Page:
“Yeah, Chinese people are so weird. They eat the strangest stuff.”
I whipped around to see who was responsible for the offending comment and found myself looking back at the only other Chinese-American in the class. Several of our classmates surrounded him, giggling as they looked to him for reassurance before offering their own prejudiced comments.
My face burned, yet I didn’t try to correct him because I knew exactly what he was doing. I had done it myself after all.
When I first entered my new, nearly all-white school system, I quickly realized the power I had as the only Chinese-American example. Most of my classmates didn’t have daily interaction with another person of color (POC), much less an Asian. Suddenly I was the spokesperson for all Asians, all 4 billion of them. Despite being only seven or so, I was an expert on all Asian cultures from China’s to Vietnam’s.
With my new-found powers, I manipulated my heritage to suit me. I confirmed and denied stereotypes while weaving in my own lies. When asked if I knew Chinese, I replied “yes” when I wanted to appear exotic and all-knowing and “no” when I wanted to reinforce the fact that I was just as American as my classmates. When someone made a racist joke, I made a point to laugh so that I wouldn’t be seen as an outsider. When we studied China in Social Studies, I learned to chime in whenever a teacher glanced my way. During one lesson, my teacher asked me for my thoughts on the current dispute over Taiwan. As a ten-year-old preoccupied with Harry Potter and lacking any interest in current events, I had the faintest idea what was happening in Taiwan, but I ad-libbed a comment anyways.
I suppose that these incidents were a perverse sort of empowerment in that these actions did help me in the short term. My popularity increased ever so slightly when everyone became obsessed with writing their name in Chinese, and I offered to teach them despite having no clue how to do so. I did become more comfortable with my background when I was able to throw it off and on at will, like a cloak. However, the cost was that the people I had lied to came away from these encounters with incorrect notions of China.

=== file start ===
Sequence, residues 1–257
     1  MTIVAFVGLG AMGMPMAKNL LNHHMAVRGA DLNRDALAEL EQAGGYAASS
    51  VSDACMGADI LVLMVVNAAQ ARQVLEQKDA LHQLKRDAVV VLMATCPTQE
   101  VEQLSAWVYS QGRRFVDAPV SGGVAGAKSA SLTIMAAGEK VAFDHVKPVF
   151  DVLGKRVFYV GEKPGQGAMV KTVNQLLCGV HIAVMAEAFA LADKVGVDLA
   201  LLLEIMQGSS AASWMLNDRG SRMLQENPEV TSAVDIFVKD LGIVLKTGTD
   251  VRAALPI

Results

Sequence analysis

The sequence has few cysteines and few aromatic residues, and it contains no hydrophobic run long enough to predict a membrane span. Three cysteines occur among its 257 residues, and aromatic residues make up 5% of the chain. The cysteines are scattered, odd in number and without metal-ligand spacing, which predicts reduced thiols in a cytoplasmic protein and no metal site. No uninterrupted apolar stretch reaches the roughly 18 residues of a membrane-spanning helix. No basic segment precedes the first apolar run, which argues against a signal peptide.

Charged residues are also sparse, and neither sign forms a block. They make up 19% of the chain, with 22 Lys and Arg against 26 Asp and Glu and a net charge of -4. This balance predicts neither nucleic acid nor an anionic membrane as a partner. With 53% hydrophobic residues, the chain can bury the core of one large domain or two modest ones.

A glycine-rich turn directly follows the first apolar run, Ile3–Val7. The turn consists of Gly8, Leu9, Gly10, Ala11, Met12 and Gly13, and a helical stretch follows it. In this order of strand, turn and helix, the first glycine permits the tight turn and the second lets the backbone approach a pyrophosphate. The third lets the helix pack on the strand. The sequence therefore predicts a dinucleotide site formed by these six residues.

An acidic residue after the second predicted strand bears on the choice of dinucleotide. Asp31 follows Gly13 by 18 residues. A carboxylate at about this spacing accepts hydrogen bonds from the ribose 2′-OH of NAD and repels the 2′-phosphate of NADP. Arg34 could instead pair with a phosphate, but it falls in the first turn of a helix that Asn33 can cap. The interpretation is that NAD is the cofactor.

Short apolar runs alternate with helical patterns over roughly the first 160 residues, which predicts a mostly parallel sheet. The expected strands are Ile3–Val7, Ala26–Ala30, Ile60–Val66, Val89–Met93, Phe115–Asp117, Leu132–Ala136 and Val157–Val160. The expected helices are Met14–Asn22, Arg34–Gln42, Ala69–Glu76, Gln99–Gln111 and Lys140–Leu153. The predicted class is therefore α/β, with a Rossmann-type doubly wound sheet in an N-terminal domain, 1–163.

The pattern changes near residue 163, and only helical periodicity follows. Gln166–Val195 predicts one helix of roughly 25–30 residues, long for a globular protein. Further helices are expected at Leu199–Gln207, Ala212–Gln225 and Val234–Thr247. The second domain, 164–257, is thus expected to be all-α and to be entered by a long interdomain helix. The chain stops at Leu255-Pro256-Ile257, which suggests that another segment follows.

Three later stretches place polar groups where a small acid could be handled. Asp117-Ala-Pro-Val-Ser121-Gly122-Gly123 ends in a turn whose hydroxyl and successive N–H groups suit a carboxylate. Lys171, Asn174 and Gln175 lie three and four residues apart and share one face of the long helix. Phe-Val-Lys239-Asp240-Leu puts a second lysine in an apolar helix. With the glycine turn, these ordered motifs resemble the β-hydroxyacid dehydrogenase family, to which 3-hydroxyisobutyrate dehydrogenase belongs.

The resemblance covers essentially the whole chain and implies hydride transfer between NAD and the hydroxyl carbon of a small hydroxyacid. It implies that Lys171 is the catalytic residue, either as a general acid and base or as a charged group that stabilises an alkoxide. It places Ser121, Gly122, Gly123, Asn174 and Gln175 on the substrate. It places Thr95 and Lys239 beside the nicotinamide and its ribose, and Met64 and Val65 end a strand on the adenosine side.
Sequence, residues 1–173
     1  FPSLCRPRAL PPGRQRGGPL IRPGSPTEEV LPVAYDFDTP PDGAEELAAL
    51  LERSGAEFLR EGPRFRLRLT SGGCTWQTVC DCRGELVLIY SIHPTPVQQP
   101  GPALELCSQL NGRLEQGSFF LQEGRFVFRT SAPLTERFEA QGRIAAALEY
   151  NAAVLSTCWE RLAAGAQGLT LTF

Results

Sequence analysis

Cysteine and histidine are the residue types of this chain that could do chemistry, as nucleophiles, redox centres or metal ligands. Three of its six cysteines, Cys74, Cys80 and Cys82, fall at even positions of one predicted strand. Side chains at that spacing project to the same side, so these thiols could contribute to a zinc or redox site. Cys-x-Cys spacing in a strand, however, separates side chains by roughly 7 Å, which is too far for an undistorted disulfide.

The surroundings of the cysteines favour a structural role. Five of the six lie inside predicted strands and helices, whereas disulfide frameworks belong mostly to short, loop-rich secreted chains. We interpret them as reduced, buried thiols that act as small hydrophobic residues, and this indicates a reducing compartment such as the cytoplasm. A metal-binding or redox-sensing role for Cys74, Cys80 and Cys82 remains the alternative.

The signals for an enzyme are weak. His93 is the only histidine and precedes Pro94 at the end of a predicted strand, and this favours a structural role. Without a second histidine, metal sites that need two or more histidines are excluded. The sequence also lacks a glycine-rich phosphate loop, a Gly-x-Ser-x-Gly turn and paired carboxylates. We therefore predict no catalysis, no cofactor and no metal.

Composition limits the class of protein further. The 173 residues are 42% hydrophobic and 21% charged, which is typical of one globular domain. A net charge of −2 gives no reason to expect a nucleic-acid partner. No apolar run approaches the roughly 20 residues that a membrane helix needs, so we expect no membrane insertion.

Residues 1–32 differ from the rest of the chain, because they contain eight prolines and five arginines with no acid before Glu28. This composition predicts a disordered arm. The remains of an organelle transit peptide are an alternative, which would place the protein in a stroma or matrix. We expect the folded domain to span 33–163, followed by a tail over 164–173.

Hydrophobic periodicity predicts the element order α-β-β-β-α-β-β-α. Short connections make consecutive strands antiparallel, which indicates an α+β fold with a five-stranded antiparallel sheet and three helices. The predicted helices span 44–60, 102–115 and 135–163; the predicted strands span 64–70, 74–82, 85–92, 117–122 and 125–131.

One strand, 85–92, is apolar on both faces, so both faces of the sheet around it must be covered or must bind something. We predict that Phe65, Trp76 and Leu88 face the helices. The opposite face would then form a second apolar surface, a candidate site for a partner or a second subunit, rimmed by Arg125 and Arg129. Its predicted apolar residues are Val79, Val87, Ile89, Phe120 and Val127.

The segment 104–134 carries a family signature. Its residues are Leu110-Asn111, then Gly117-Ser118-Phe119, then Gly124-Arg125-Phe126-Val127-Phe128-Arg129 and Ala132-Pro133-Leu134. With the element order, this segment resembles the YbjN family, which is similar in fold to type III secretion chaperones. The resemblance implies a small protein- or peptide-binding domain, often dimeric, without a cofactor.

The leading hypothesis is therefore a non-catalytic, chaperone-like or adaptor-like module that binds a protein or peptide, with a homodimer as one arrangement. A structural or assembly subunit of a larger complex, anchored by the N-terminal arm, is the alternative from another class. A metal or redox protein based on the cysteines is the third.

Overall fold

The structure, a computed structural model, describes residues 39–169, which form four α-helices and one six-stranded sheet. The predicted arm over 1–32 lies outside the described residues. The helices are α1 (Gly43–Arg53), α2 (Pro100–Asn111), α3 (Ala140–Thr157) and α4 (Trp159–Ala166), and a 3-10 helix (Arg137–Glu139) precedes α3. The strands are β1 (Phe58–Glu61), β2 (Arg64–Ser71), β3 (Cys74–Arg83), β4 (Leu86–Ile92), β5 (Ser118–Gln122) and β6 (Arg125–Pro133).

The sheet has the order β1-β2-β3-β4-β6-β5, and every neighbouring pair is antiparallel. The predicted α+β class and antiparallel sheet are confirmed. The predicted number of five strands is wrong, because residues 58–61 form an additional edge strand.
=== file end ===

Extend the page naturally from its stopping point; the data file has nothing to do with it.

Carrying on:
I look back at these episodes, and I cringe a bit but also laugh at these antics. I do so because I know that I have outgrown the mentality that I have to accept and confirm others’ bastardized versions of my own culture.
The problem now lies in encountering those who continue to degrade their heritage. Determining an appropriate reaction is difficult since I know they are not doing it out of malice. A person insulting their own culture usually doesn’t do so because they believe it, but because it is their defense mechanism against the daily microaggressions they face. Consequently, trying to assign blame makes the situation even more complicated.
For example, when a Chinese-American actress takes on a role that requires a “fobby” accent, is she excused because she didn’t write the role and just needed the money? Or is she partially to blame for perpetuating all of the racist stereotypes associated with Chinese immigrants?
A few years ago, journalist Julie Chen confessed to receiving plastic surgery to give herself the double-lidded eyes characteristic of many non-Asians. She claimed the surgery helped kickstart her career as she had received criticism for her eyes beforehand. Most would find it hard to fault her for doing what she could to advance her career and increase representation of female Asian journalists. However, for many young Asian girls who may have been self-conscious about their eyes, her choice also confirmed the idea that double-lids are more attractive than monolids.
So what makes one action excusable and the other not? I suspect the answer varies with each different situation, and in most, the answer isn’t even clear.
Of course, the only way to truly solve this issue would be to eliminate racism. Make it so that POC don’t feel the need to assimilate and degrade their own race. Make it so that an aspiring journalist does not have to undergo surgery just so that her eyes will look “television-ready.” However, seeing as we have not yet found the magical formula to get rid of racism and will likely have to instead spend generations chipping away at the institution, perhaps it’s time to look inward.
While we can only do so much when we encounter someone displaying internalized racism, we can make sure we don’t internalize these toxic ideals ourselves. This is a lifelong process that requires constant reflection, and mistakes are inevitable. However, through embracing our own identity, we make it easier for others to do so as well.